Everyone always wants to know the answer to the question "I wonder what they're looking for?" Although our submission guidelines are specific, they're more about the nuts and bolts of a potential submission. The part of the acquisition process that is the most obscure for the writer is the subjective part, which is rendered even more difficult to guess because of the unique requirements of a shared world. The Darkside Codex is a huge, complex world and has been from its conception. But what makes a shared world so much fun is that the world is never finished. Never. Writers are bound by the canon, but have extraordinary license to build and expand upon it.
The main thing I'm looking for is a great story. Yes, I know. Trite. Basically, I want to see stories that can stand on their own merit, as if they don't rely upon the shared world. Sure, you can write something that expounds upon the world beautifully, but I have to care about the characters, I have to have an emotional stake in the resolution of the conflict, and I have to "see" the story in my head, like a movie. In other words, you have to engage my interest. Even if there are a few small flaws in your story content-wise, I'm experienced enough to judge whether a story can fly with regular editing, whether it needs to be revised/resubmitted, and whether it's just not going to work.
One thing you absolutely need to make sure that you do is to send me a clean manuscript with proper grammar and spelling. The downside to being experienced enough to see past structural flaws to the heart of the story is that experience makes me a little intolerant of easily fixed mistakes. A word to the wise--do NOT rely upon spell checker or grammar checker software for your submissions. Go through your submission word for word, line by line, page by page. Spell check, for example, cannot differentiate between homonym errors--and nothing is worse than a manuscript where the author incorrectly uses to/two/too or there/they're or its/it's.
(hint: homonym errors are my current submissions pet peeve...be warned)
And finally, when I read your story, it needs to have the feel of Southwatch. That doesn't mean a rubber stamped style from the first couple of books. CA Chevault's Storm Angel and Daniel Ausema's The Electro-Addictive Moth-Flame are very different in style, tone, and feel. For one thing, Storm Angel is set primarily sunside while The Electro-Addictive Moth-Flame is set darkside--and both stories reflect their settings in tone, style, character, and conflict. So your submission needs to fit in with the part of the Southwatch world where your POV character(s) primarily reside. A girl who was caught in the burning rains in Bricktown is going to have a completely different voice than a young aristocrat who's the favorite drinking buddy of Thomas Amberville, the Baron of Southwatch. Also, the feel of the setting is going to be different as well. While there are good times to be had darkside, for the most part the lower you are in Southwatch, the more desperate your situation. There's room for any author to play in Southwatch, no matter what side of the Dark Cloud you play on.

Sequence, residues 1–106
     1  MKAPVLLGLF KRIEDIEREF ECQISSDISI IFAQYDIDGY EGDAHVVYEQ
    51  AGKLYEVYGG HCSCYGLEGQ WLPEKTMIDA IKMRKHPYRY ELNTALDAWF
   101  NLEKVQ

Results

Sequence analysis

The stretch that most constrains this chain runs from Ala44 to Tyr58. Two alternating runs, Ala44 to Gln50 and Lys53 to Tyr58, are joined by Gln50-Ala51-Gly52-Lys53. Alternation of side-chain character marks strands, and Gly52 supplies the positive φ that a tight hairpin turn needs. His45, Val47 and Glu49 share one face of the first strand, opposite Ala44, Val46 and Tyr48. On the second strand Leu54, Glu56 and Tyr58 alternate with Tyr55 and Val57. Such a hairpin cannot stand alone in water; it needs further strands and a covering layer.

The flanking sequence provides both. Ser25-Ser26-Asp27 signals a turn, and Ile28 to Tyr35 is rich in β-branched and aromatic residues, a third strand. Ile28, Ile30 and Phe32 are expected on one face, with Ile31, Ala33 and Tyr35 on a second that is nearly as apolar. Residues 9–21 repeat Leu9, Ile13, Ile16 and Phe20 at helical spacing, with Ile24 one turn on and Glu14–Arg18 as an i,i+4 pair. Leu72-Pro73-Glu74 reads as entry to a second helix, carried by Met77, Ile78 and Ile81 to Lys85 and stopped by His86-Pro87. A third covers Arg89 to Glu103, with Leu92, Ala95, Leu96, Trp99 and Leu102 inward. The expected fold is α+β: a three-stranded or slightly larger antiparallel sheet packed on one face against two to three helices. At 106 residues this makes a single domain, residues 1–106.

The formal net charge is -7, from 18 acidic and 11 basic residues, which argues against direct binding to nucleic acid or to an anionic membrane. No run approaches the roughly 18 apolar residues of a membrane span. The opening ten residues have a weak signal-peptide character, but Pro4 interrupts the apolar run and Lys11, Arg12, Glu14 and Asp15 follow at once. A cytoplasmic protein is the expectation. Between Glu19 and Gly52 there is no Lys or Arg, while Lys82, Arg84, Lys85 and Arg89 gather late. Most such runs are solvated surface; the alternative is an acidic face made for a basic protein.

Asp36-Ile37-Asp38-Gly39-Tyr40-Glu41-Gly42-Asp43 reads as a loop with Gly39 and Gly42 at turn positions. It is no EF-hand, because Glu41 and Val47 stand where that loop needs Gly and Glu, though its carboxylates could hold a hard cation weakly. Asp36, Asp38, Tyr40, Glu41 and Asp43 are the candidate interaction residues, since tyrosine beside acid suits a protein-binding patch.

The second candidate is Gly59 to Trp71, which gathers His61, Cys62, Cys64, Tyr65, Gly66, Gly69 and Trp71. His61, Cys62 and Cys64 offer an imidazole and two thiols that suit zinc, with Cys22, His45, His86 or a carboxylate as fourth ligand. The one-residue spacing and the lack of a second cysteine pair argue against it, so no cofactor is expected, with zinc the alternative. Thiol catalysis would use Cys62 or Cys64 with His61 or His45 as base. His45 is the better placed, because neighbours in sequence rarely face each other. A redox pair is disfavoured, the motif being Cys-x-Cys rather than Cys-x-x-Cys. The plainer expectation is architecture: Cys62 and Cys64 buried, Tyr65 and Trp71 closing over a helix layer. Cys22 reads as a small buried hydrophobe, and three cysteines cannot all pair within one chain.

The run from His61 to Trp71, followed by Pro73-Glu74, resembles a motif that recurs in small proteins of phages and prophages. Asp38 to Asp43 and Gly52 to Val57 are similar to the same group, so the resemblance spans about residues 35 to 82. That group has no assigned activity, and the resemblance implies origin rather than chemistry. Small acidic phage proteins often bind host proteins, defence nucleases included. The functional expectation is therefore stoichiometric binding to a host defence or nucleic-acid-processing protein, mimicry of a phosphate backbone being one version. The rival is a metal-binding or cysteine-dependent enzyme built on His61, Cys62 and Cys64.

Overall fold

Hopefully, all this will help any potential authors as they prepare their submission for The Darkside Codex. Let me remind you, too, to take advantage of the opportunity to send me the first two-three chapters pre-submission. I am more than willing to look at what you've got and plan to do, determine if it is working within the world, inform you of any changes in the world that will affect your story, and give you my honest opinion of your work. This isn't a submission, and I'm not looking for publication polish. All this is for is to help you to complete your TDC submission by giving you feedback at a relatively early stage. You can learn how to do this by looking at our submission guidelines.
Best of luck to you, writers! I am looking forward to seeing your Darkside stories soon--
Editor's note: Celina Summers is not only the editor reading submissions for The Darkside Codex, but she's also the co-creator of the world (with Richard C. White) and the Editorial Director of Musa Publishing. With a writing background in speculative fiction and sixteen novels and novellas to her credit, she's happily combined her love for the great shared worlds of the past like Dragonlance and Thieve's World with steampunk and other spec fic genre mashups in The Darkside Codex.